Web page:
In the Bleak Midwinter…

Just as the snow outside has at last thawed to an icy slush, indoors I’ve been adding my own fake snow to some figures. Those Strelets French Napoleonic infantrymen on the march, which have for so long been awaiting basing, are now ankle-deep in the white stuff. I’ve also just decided to cut off any fixed bayonets in order to make them a little more uniform, though they’re still showing in these pics.

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Their brethren, meanwhile, all 26 of them, are having their greatcoats painted. I’m struggling to get the coats to a similar shade as that painted two years ago, they should look closer in colour than in these photos but regardless I’m just going to go for it. Different shades can only add to that wonderfully shabby look with its patched up clothing.

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And they will certainly need those coats in this bleak midwinter…

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The Christingle Dragoons

Having completed the Carolling Hussars recently, I’ve been working on the other regiment for my Christmas decorations; the Christingle Dragoons.

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The dragoons are Revell’s Austrian Dragoons of the 7 Years War. I’ve painted some a few years ago as the Prinz Savoyen Dragoons, so I know they’re an impressive set. My only quibble is that the beautifully sculpted horses for these dragoons seem to be a significant few ‘hands’ higher than the hussar horses in comparison (see below)!

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Like Don Quixote and Sancho Panza… OK, so the Christingle dragoon’s horse (right) is rearing up but it appears quite a bit taller than the squat Carolling Hussar’s mount?

As with the Carolling Hussars, I’ve based the uniform design on a real 7 Years War regiment; the Prinz Karl Chevaulegers of the Saxon army. This regiment was named after Prince Karl of Saxony (Duke of Courland) and took part in a number of key battles in the war (Breslau, Leuthen, Torgau, etc.).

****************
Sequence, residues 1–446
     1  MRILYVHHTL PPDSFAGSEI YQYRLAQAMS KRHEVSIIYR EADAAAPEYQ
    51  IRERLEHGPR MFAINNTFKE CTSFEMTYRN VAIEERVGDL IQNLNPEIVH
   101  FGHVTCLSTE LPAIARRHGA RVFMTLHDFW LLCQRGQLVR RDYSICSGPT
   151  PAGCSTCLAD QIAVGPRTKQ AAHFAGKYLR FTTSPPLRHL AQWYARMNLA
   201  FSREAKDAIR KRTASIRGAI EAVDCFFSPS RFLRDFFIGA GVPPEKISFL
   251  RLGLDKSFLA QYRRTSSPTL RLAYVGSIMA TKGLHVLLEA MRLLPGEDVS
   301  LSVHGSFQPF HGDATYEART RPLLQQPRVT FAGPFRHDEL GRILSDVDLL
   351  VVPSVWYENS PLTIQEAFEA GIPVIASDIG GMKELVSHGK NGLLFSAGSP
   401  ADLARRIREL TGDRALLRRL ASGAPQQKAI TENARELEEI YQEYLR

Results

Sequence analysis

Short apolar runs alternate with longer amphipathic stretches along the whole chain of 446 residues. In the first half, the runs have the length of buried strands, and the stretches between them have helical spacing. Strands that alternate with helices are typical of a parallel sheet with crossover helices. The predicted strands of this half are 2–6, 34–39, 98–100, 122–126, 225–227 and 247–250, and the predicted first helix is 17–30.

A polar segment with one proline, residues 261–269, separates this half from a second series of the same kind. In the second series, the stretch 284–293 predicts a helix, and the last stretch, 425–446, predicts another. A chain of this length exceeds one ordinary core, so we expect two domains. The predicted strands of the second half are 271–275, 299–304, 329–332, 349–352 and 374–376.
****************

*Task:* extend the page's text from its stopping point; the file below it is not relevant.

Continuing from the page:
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Prinz Karl Chevauleger uniform

My Christingle Dragoons are named after a curious symbolic object used in Christian Advent services. The Christingle apparently originated with a German Bishop called Johannes de Watteville in 1747, but it took until the 1960s for it to become a British custom which has since grown in popularity. My first encounter with it was a few years ago when daughter first attended a local Christingle service on Christmas Eve.

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A Christingle

The Christingle is usually constructed with an orange, a candle, a red ribbon, some cocktail sticks and sweets. I suppose, on reflection, an orange uniform with red facings might have been more appropriate!? Never mind, I think green, red and white are good Christmas colours.

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Just as I did with the Carolling Hussars, I’ve also added a little tinsel to their tricornes; red tinsel for the hussars and gold for the dragoons. Also, you may notice that I’ve painted a small orange and candle Christingle motif.

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I fancy that some more festive decorations could improve my Christmas cavalry still further. Perhaps some extra tinsel, a mini bauble or some glitter around the base?

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Taking aim at a plump turkey for the regimental Christmas dinner…

But my “contribution” to the household Christmas decorations won’t be complete until I finish off the two flag bearers for the two regiments. My girl has designed the flags for my two Christmas infantry regiments in previous years. I’m awaiting her designs for the cavalry flags while I am finishing off the two figures themselves. I asked her to make the designs in the swallow-tailed shape of British light cavalry regiment guidons. I’ll share the finished figures in due course!

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Let it Snow!

I’ve been keen to showcase the completed Lifeguard Cossacks, but I’ve been held up waiting for my fake snow to come through the post. Late this afternoon, it finally arrived and so I’m now eagerly scattering snow about like a stagehand in “Frozen: the musical”.

Will post pictures of these wintry cossacks, the 11th regiment in my nappy cavalry project, shortly…

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One of my cossacks now riding across the, err… snow covered Russian steppe.